Warren G is right–anyone can rap. But not everyone has the dedication to the craft or the willingness to learn about black history and culture. This could also be what separates BTS from its more formulaic K-pop cousins and propels them into the stratosphere. If that’s the case, hopefully the other groups will get the hint.

What BTS’ success in the States depends on, ultimately, is how black America views their journey to the people they are now. Initially, I was immediately charmed by how professional and committed BTS conducted themselves during their AMA press week leading up to the AMAs performance. After diving into the world of K-pop, I won’t lie and say that I haven’t come away with some emotional calluses. The world of K-pop can be a Matryoshka doll of racism, colorism, fanaticism, fetishism and exoticism, surrounded by a core of complete and (sometimes genuine) ignorance. To dig through those levels as a black American can be tiring. To try to put it in perspective–to put yourself in someone else’s cultural shoes–can be even more tiring. Throughout this post, I’ve battled with myself as to if I was giving BTS too much wiggle room or not enough. I did what every black person interested in BTS is going to have to do–judge the group based on where they started to where they are now. From where I’m sitting, the group has had its hard knocks, but they’ve learned and taken responsibility, and taking responsibility for your worst mistakes has to count for something.

Where they started was rough, speaking honestly. But the potential for BTS comes out of how they’ve grown from their initially problematic start. It appears they’re working on making peace with their past transgressions and, thanks to their mentors, have truly understood what it means to make great hip hop. As RM said, even if there is a dictionary definition for hip hop, the true spirit of hip hop can’t be explained. Hip hop isn’t about affectation and it isn’t about pretense. It’s about being real and being true to who you are.

Is BTS’ education on black America done? On the contrary: it’s far from over. In fact, it’ll never be over for the group, who are bound to make a new set of mistakes the more they fight for U.S. dominance. They will always have to learn more about their black audience and unlearn anything else they need to unlearn as they gain American popularity. But being true is probably the biggest lesson BTS has taken away from their experience, and it shows in a new, broader-reaching, and more culturally responsible sound and outlook. If being true to themselves is something BTS can learn, then the rest of K-pop can learn, too. ♦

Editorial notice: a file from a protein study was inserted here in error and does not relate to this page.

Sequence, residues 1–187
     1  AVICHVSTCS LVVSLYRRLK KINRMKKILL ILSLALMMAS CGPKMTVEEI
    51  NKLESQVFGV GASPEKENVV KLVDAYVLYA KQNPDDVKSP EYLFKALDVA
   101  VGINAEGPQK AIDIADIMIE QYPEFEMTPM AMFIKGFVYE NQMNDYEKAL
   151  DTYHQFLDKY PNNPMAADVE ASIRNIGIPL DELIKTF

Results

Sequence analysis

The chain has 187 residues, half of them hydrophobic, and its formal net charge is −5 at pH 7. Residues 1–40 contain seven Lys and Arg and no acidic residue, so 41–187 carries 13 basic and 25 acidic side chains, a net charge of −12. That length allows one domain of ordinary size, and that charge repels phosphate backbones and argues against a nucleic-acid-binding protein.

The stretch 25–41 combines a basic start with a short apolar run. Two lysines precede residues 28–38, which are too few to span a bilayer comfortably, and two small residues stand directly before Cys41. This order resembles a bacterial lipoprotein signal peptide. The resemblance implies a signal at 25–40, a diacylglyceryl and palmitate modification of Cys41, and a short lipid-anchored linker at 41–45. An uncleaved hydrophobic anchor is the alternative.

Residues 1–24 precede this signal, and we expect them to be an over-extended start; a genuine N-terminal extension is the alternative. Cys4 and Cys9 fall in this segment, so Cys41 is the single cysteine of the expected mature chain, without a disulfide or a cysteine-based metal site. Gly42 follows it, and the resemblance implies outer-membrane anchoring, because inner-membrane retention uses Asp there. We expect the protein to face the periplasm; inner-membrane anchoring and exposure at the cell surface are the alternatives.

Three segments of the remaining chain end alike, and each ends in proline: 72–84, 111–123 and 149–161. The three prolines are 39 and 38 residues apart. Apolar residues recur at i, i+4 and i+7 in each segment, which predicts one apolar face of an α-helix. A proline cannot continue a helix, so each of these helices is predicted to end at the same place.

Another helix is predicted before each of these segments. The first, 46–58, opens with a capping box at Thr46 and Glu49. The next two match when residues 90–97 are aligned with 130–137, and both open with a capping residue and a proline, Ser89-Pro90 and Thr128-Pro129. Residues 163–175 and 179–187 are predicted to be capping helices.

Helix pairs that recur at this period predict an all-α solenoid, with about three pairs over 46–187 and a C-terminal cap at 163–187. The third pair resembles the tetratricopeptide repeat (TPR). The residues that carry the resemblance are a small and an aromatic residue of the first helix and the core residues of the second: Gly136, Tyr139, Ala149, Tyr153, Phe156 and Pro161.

FURTHER READING: Hip Hop and its Complications in BTS’ ‘American Hustle Life’ | CriticalKpop

2018 is a whole lot hotter with the new Haikus with Hotties calendar

In what’s become an annual tradition, Haikus with Hotties has released its 2018 calendar full of–you guessed it–hotties.

The calendar, created by writer Ada Tseng and features good-looking Asian dudes from all sectors of the media industry, is meant both as a play on the “beefcake” calendar as well as an important socio-political statement.

“Haikus With Hotties is a calendar series that highlights the attractive and talented Asian men in media that often don’t get as much attention as they deserve,” states the Haikus with Hotties website.

The lack of attention stems from stereotypes Asian men are still dogged by, such as being nerdy, feminine, and goofy, much like Long Duk Dong from Sixteen Candles. (The “Long Duk Dong effect” was also tackled in a 2016 episode of Fresh off the Boat, in which Randall Park’s Louis Huang is afraid that he’s doing the Chinese equivalent of “cooning” as the recurring guest of a local news show.) But the stereotypes inherent in Long Duk Dong stem from decades of racist propaganda created by the U.S. from the 1800s onwards to create fear about Asian immigrants. The same stereotypes were used in World War II propaganda to keep America focused on defeating the Axis Powers, which included Japan. Between the 1800s to the 1940s, and certainly in the years after the war ended, these stereotypes have become part of the problem that keeps America from reaching its full potential as a democracy.

Those stereotypes once again became the subject of current events in January 2017, when Steve Harvey made a series of offensive jokes about Asian men and their supposed unattractiveness. To combat the stereotypes, Haikus with Hotties gifted Harvey a calendar.

If you still don’t get what’s being written here, just take a look at the Breakfast at Tiffany‘s character Mr. Yunioshi (Mickey Rooney), an older version of the same stereotypes Long Duk Dong represents (and yellowface on top of it), in comparison to actor/model Godfrey Gao in the summer 2015 issue of Harper’s Bazaar Men Thailand.

See how ridiculous these stereotypes are?

South Asian men also suffer from the same stereotypes, but now those stereotypes are also laced with Islamophobia. Still, the reality outweighs the stereotypes once you open your eyes to the truth. Take for instance another ’80s character, Short Circuit’s Ben Jabituya (Fisher Stevens), yet another role in which a white man is portraying an ethnic character, coupled with an extreme accent and gestures, and Dev Patel–who should be starring in tons of romantic comedies right now–from InStyle Magazine’s 2016 Oscar coverage for Lion.

Again, the reality outweighs the stereotype.

With that said, check out some of the images from the new 2018 calendar. This year, Iron Fist fan favorite and new Into the Badlands cast member Lewis Tan is featured, as well as Kim’s Convenience star Simu Liu, queer/trans comedian, actor and writer and D’Lo, and Pretty Dudes star Yoshi Sudarso (pictured below with his brother, Power Rangers Hyperforce actor Peter Sudarso), among many more.